• Assessment – The insured’s solicitor reported the correspondence to CLS who, in turn, immediately instructed panel solicitors to look into the neighbours claim from the insurer’s perspective and put together a claim report. The case proved complex as trying to interpret what the authors of the 1975 conveyance had intended in terms of rights of way was not at all obvious. More information was sought from the insured to try and fill in the blanks.
  • Solution – The insured property developer was understandably keen to reach a settlement without protracted court proceedings to enable the development of the two additional floors to proceed without further delay. The insured was proactive and sensible in his outlook to the problem and stated that he was willing to enter into a deed of easement with the neighbour to bring the threat of injunction proceedings to a fairly swift and amicable conclusion. The owner of the neighbouring property was happy to negotiate a formal deed of easement to ensure rights were clear. The CLS insurance policy funded the legal fees, amounting to £7,000, to ensure that the insured could complete the development of his commercial premises without any significant delay or costs save for the price of the Legal Indemnity Insurance policy.
  • The take out – Legal Indemnity Insurance isn’t just for residential or commercial purchases. It also has a role to play when a property owner is looking to develop their property but fears the enforcement of known or unknown rights of way or easements jeopardising the completion of their project. In this case study, whilst the insured was prepared to negotiate and compromise over rights of way, he sensibly wanted the backing and protection of Legal Indemnity Insurance should the neighbour take the approach of pursuing injunction orders and claiming compensation.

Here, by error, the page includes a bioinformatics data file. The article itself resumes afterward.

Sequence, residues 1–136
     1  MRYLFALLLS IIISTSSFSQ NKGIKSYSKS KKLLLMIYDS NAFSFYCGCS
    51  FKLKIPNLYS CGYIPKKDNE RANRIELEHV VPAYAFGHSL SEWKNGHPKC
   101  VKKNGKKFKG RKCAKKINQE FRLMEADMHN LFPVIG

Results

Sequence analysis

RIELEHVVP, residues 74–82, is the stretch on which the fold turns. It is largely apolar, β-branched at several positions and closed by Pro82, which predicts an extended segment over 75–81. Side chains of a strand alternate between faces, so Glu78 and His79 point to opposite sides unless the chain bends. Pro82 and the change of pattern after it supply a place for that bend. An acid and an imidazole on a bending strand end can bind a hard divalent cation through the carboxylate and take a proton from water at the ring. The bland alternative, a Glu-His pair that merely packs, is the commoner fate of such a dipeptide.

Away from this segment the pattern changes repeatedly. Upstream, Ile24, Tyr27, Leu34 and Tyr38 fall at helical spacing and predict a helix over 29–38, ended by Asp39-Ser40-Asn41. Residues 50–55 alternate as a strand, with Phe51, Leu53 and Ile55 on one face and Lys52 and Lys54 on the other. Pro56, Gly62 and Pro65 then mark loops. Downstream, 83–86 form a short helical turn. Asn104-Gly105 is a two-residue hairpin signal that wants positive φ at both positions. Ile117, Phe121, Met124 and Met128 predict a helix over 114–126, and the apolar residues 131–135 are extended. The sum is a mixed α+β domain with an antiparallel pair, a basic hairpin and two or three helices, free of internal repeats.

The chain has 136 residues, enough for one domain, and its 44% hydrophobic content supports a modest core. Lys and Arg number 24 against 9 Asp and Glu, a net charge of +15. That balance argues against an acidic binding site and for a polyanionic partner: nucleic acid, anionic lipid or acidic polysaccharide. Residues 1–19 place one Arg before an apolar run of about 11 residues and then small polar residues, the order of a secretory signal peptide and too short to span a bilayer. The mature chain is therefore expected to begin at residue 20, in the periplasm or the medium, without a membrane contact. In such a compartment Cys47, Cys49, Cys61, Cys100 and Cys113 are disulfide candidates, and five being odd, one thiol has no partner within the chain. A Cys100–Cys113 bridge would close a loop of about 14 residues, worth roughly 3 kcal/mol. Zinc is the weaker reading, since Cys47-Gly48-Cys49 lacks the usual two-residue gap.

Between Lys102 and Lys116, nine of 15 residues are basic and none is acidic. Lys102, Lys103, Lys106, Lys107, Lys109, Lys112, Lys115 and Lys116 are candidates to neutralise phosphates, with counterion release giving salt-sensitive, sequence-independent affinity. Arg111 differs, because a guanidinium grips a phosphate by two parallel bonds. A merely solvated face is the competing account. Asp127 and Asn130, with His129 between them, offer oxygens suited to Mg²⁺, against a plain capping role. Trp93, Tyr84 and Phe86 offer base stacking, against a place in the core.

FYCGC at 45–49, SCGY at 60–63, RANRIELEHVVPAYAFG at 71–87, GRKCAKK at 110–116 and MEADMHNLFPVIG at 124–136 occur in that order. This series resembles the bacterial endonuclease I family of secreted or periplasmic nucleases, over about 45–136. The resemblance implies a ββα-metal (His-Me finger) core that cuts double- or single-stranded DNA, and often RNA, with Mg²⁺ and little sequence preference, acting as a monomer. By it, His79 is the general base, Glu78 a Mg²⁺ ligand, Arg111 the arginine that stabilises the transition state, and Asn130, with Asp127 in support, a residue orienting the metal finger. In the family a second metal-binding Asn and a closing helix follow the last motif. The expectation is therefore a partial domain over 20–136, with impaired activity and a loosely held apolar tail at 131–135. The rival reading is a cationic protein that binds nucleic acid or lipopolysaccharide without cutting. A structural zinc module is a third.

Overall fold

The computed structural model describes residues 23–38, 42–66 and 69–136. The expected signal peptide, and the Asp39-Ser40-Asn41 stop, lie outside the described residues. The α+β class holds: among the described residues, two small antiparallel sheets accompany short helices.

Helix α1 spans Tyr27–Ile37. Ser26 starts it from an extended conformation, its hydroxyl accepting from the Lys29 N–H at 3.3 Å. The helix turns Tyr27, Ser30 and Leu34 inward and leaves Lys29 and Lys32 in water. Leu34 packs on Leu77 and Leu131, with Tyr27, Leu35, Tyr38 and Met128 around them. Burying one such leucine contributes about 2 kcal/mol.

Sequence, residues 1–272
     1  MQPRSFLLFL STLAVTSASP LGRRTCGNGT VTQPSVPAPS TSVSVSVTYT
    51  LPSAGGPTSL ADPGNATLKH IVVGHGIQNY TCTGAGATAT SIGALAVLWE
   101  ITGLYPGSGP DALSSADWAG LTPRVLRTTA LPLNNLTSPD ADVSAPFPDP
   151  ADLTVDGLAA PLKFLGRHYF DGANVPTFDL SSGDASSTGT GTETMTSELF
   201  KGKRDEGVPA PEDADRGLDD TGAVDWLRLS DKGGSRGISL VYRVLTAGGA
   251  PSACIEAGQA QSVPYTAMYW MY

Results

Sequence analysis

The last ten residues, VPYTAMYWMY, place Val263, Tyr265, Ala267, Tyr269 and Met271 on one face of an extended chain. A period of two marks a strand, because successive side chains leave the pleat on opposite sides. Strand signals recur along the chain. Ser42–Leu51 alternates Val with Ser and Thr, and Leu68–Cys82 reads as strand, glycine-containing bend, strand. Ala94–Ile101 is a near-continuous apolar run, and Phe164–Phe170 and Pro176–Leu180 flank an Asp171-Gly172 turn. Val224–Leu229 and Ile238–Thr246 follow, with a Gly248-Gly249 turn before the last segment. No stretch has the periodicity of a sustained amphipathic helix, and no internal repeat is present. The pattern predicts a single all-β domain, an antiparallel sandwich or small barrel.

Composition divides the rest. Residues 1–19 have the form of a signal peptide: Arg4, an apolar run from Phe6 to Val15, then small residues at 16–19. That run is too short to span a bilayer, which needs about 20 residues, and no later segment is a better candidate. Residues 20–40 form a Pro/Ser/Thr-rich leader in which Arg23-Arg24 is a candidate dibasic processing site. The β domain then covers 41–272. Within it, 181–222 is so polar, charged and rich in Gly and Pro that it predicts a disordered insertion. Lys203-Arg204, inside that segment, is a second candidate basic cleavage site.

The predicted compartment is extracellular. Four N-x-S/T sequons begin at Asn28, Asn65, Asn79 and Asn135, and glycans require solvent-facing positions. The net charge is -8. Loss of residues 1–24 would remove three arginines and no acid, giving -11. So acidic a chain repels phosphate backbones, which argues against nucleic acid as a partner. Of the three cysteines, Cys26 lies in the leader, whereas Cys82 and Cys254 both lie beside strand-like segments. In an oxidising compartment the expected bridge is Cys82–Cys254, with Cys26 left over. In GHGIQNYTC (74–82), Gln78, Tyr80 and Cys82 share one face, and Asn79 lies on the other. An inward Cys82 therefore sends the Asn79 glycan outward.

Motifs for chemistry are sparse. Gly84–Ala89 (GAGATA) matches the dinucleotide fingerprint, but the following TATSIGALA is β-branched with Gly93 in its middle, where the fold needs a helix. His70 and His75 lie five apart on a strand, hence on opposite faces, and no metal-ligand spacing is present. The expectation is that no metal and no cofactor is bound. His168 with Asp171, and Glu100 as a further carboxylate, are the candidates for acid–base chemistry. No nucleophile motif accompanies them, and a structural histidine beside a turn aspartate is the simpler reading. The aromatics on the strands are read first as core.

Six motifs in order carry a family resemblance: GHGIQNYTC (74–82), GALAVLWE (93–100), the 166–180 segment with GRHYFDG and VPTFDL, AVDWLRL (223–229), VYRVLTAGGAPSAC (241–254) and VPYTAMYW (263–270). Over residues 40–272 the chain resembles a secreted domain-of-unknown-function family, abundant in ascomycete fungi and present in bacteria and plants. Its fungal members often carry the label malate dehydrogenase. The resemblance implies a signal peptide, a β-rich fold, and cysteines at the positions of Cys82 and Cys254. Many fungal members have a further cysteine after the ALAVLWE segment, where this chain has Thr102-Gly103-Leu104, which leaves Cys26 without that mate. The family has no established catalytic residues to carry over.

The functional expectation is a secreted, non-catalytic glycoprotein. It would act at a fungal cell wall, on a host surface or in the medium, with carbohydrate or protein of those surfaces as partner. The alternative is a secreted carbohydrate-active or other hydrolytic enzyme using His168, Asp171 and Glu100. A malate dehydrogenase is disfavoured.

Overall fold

If you are a property solicitor or construction lawyer it helps to know that there is a bespoke insurance policy available to help a property developer reduce the risk of having to fund expensive court claims without the benefit of any insurance.

CLS here to help

CLS has over 15 years of experience in helping conveyancers and construction lawyers with both residential and commercial property transactions. Our online portal is free to register and you’ll find our range of over 60 policies and products at your fingertips – including Variable Statements of Fact to let you customise to your client’s needs for the full range of legal indemnity policies. Online indemnity insurance protection is available within a matter of minutes. If you’d rather speak to someone, we also have a team of specialists who can help you out with a bespoke offline policy. Click here to start working with us.

 

This article was submitted to be published by CLS Property Insight as part of their advertising agreement with Today’s Conveyancer. The views expressed in this article are those of the submitter and not those of Today’s Conveyancer.